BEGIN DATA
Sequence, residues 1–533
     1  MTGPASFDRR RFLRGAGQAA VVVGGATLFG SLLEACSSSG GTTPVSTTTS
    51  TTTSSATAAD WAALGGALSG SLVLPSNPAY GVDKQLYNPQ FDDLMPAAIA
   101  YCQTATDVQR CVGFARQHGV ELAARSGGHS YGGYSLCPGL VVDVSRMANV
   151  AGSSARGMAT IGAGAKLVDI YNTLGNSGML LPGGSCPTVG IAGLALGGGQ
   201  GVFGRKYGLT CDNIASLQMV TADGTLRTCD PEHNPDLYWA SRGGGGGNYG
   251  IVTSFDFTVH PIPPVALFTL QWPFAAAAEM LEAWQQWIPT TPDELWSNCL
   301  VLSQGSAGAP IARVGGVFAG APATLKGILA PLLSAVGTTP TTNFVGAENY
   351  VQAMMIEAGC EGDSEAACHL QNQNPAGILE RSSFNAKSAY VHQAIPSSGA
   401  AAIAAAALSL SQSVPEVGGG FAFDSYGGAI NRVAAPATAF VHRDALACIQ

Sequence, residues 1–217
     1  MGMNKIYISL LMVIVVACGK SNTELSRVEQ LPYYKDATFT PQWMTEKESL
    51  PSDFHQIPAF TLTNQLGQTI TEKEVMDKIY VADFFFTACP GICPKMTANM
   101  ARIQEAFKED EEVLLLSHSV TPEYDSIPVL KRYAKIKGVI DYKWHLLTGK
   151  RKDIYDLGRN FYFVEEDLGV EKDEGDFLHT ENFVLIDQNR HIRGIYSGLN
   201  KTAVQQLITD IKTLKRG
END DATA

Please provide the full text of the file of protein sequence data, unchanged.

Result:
Sequence, residues 1–533
     1  MTGPASFDRR RFLRGAGQAA VVVGGATLFG SLLEACSSSG GTTPVSTTTS
    51  TTTSSATAAD WAALGGALSG SLVLPSNPAY GVDKQLYNPQ FDDLMPAAIA
   101  YCQTATDVQR CVGFARQHGV ELAARSGGHS YGGYSLCPGL VVDVSRMANV
   151  AGSSARGMAT IGAGAKLVDI YNTLGNSGML LPGGSCPTVG IAGLALGGGQ
   201  GVFGRKYGLT CDNIASLQMV TADGTLRTCD PEHNPDLYWA SRGGGGGNYG
   251  IVTSFDFTVH PIPPVALFTL QWPFAAAAEM LEAWQQWIPT TPDELWSNCL
   301  VLSQGSAGAP IARVGGVFAG APATLKGILA PLLSAVGTTP TTNFVGAENY
   351  VQAMMIEAGC EGDSEAACHL QNQNPAGILE RSSFNAKSAY VHQAIPSSGA
   401  AAIAAAALSL SQSVPEVGGG FAFDSYGGAI NRVAAPATAF VHRDALACIQ

Sequence, residues 1–217
     1  MGMNKIYISL LMVIVVACGK SNTELSRVEQ LPYYKDATFT PQWMTEKESL
    51  PSDFHQIPAF TLTNQLGQTI TEKEVMDKIY VADFFFTACP GICPKMTANM
   101  ARIQEAFKED EEVLLLSHSV TPEYDSIPVL KRYAKIKGVI DYKWHLLTGK
   151  RKDIYDLGRN FYFVEEDLGV EKDEGDFLHT ENFVLIDQNR HIRGIYSGLN
   201  KTAVQQLITD IKTLKRG